After saying how the PS4 is “based on custom chips that have a tremendously long lead time,” discussing them with developers back in 2008 – 2009, Cerny went on about how “we wanted the focus to be on the games that the creative directors wanted to make, rather than the minutiae of the hardware.”
He then continued:
At the same time we have to balance that out with a rich feature set that they can use in the later years of the hardware. The hardware has to grow over time. That’s why I refer to it as a super-charged PC architecture – there’s more in it than what you find in a PC.
There are all these customisations, such as what we did to the GPU and other parts of the system to ensure that they would really be these systems that programmers could dig into in year three or four of the console life-cycle.
Because the architecture of the system won’t change for many years, it gives developers the chance to “learn its secrets and get progressively better performance out of it,” says Cerny. “This is really important because some developers need five years to create a game. The fact that during that five year period the target hardware doesn’t change really allows them to bring titles to the world that couldn’t exist otherwise.”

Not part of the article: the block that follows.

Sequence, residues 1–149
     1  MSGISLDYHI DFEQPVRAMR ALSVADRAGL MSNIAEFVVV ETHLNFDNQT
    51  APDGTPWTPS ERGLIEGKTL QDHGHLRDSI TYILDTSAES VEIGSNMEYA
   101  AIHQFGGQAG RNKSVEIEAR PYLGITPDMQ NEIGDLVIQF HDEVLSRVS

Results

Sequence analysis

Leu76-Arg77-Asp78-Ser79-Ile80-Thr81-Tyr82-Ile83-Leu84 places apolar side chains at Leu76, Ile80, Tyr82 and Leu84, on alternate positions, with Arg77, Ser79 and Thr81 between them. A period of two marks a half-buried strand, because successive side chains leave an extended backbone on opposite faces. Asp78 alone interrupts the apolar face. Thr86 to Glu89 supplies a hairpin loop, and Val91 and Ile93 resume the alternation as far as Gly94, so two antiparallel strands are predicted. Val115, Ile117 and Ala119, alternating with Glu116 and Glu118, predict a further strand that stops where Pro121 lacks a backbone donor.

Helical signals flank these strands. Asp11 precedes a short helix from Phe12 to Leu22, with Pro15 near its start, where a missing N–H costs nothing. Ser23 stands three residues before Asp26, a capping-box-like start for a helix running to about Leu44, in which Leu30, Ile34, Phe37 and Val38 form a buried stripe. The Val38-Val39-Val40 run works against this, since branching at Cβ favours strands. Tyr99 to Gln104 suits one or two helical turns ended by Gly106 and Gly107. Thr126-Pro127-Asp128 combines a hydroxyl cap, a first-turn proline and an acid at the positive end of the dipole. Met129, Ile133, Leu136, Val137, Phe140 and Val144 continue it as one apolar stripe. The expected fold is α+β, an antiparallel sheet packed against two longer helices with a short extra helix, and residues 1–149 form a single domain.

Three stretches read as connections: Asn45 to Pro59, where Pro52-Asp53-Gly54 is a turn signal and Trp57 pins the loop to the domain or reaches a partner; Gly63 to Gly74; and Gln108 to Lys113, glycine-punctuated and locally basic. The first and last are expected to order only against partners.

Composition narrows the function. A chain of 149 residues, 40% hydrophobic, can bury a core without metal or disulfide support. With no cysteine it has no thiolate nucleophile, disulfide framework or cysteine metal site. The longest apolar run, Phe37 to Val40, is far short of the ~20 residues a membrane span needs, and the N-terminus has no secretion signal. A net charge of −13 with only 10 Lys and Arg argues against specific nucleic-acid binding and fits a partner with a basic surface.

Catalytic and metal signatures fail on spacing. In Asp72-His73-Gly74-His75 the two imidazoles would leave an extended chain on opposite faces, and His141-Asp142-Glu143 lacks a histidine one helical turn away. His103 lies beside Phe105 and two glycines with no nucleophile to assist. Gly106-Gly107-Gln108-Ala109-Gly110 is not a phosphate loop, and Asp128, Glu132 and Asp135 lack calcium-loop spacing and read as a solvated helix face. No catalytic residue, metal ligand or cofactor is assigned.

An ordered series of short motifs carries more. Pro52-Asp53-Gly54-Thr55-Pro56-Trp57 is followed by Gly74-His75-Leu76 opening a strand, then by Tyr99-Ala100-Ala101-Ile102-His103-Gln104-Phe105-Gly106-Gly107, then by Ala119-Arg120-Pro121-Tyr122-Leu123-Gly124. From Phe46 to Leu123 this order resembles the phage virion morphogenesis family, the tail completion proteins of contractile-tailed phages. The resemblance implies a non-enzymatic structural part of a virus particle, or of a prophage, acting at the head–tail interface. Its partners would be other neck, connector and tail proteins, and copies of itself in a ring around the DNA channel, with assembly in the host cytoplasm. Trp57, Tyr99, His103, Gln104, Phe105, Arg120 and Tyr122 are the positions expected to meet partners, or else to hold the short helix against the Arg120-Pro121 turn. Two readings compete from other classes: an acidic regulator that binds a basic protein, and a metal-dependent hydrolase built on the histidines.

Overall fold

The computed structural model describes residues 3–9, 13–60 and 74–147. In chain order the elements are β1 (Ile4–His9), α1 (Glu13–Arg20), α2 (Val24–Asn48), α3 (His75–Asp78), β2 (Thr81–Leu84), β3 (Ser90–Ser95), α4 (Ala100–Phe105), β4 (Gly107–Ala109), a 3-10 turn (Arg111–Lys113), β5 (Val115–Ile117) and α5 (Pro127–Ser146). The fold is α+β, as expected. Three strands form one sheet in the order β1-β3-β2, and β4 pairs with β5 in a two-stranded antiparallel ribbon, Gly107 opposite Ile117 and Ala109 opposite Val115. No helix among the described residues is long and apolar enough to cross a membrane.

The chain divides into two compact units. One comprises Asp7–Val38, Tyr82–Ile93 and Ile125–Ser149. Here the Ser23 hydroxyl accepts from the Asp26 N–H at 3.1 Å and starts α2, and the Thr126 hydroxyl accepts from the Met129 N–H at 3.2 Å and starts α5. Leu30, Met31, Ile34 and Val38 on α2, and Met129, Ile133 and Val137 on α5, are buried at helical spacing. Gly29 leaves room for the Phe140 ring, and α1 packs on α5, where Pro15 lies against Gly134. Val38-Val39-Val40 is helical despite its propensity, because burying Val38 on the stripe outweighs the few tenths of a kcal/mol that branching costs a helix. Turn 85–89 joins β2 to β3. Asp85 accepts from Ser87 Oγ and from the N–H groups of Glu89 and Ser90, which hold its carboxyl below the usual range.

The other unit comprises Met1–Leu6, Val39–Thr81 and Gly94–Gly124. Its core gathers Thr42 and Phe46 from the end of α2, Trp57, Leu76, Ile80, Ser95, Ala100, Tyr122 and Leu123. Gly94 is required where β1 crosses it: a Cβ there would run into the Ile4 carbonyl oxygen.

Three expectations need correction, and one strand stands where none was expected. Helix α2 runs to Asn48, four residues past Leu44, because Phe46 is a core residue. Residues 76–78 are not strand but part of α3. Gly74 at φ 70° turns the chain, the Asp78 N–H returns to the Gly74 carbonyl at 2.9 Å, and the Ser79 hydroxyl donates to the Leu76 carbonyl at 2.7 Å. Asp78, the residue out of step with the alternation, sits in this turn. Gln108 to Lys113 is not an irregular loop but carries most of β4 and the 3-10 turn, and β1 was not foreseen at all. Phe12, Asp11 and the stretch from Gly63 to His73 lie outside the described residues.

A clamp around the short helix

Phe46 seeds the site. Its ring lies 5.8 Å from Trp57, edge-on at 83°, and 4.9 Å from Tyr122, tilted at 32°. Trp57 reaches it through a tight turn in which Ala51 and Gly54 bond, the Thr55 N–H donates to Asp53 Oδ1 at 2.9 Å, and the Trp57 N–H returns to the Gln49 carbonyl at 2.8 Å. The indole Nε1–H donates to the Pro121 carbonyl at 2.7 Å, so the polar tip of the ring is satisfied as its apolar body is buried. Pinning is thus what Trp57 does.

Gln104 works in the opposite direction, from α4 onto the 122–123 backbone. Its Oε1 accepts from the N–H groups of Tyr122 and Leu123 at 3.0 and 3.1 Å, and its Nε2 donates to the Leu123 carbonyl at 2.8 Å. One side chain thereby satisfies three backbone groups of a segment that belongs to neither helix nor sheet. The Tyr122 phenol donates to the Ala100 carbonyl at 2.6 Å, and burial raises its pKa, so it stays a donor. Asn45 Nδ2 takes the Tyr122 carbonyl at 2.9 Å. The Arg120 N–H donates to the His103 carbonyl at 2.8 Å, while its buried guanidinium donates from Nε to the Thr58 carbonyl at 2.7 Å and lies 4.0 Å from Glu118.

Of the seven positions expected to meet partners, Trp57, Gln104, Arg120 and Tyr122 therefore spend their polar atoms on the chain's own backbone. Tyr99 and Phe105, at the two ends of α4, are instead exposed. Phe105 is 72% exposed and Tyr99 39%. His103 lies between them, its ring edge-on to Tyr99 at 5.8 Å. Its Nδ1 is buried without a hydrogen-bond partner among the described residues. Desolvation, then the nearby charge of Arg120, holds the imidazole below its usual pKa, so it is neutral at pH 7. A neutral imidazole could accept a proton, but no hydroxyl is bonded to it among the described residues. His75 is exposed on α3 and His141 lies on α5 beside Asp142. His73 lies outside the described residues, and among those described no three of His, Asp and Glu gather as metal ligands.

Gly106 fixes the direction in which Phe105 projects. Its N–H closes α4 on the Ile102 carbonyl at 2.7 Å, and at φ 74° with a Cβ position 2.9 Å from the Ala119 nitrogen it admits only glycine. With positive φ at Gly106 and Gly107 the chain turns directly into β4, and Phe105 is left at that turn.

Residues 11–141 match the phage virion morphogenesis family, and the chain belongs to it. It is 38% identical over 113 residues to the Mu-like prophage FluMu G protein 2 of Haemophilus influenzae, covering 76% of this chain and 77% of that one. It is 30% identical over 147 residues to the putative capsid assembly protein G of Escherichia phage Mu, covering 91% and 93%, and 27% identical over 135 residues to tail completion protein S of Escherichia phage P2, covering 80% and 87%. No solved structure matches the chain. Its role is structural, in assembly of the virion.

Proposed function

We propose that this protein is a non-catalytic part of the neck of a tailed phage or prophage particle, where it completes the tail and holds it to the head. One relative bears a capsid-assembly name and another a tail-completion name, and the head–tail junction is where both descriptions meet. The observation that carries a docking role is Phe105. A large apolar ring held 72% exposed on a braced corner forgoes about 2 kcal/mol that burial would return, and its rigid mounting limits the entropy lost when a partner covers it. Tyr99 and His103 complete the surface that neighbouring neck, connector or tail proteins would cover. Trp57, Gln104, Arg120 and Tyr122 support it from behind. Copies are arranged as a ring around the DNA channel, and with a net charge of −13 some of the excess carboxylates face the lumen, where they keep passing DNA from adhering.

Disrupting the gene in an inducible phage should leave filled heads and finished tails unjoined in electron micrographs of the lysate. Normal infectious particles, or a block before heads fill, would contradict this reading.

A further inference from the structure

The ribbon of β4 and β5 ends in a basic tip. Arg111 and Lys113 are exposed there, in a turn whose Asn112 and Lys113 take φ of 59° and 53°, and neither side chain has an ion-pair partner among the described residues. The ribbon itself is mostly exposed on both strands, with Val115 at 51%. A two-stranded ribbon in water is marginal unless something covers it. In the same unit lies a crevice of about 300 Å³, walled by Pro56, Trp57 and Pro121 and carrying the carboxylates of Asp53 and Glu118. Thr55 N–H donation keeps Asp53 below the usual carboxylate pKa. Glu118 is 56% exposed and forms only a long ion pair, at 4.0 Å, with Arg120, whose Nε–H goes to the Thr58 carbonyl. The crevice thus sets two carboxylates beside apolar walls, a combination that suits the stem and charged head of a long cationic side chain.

While that five-year development cycle is likely to include AAA titles, smaller indie games are also a huge part of the PS4 ecosystem, with Cerny saying that “they act to balance out [AAA games]” because “variety of is experience is key to PlayStation 4. I think we’re going to see an incredible variety on PS4.”
At this point, are you planning on buying more indie games on PS4, or bigger games? Let us know in the comments below.